The paper presents the outcome of an experiment on concept understanding in Polish congenitally totally blind and sighted children. A test of free associations was administered to a group of 40 sighted and 24 congenitally totally blind children between the ages of 7 and 9. The research instrument included 25 sample concepts grouped into four categories such as colors, nature phenomena, features of living organisms and physical processes. The collected responses lend support to the fact that there exist many impediments to proper concept understanding due to limited hands-on experience arising out of blindness, visible in the research by the presence of gaps in knowledge or egocentrism-based responses. The data exhibits a blind child's high dependence on contextual clues and a delay in the process of decontextualization, especially if it is not accompanied by sufficient stimulation from the child's environment.

Information Science and Technology   40 (1): 521-543. Snasel, V., Polovincak, M., Dahwa, H. M. and Horak, Z. (2008). On concept lattices and implication bases from reduced contexts, Proceedings of the ICCS Supplement, Toulouse, France , pp. 83-90. Stumme, G. (2009). Formal concept analysis, in S. Staab and R. Studer (Eds.), Handbook on Ontologies , Springer-Verlag, Berlin, pp. 177-199. Stumme, G., Wille, R. and Wille, U. (1998). Conceptual knowledge discovery in databases using formal concept analysis methods, Proceedings of the 2nd European Symposium on Principles of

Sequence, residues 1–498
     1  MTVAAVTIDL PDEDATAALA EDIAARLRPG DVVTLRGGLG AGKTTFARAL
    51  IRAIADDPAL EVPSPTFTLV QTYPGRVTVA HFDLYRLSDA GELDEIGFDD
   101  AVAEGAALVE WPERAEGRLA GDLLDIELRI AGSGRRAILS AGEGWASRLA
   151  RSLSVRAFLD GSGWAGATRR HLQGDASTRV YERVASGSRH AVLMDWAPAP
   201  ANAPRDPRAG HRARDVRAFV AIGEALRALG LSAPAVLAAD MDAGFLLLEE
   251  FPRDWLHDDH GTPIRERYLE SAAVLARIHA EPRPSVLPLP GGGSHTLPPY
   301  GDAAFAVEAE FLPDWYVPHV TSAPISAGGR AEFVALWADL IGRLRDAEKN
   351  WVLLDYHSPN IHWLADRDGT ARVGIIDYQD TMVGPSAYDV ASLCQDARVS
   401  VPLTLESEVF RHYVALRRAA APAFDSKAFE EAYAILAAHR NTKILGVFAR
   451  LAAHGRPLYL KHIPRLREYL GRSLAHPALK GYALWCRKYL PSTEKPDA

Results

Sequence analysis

Abstract

Asking first about how the lexical meaning manifests itself as we experience it in a communicative event, the author explores the background of the ways in which we are able to perceive the meaning of words in texts. One useful way of thinking about how recipients react to the words in utterances is in terms of behavioural and actional lexical meaning. The first refers to the understanding of meaning, the second corresponds to interpretations of words when the recipient does not succeed in the process of natural understanding of words. These terms lead to questions about the rationality of language. One aspect of this rationality is the function of the intentional­emergent mechanism that adjusts the interplay of automatic and deliberate use of language. This mechanism has its roots in the fundamental human nature: we are behavioural­actional beings. Pragmatic analysis sheds light on how hearers understand and interpret what they hear with regard to their conceptual knowledge associated with words.

Abstract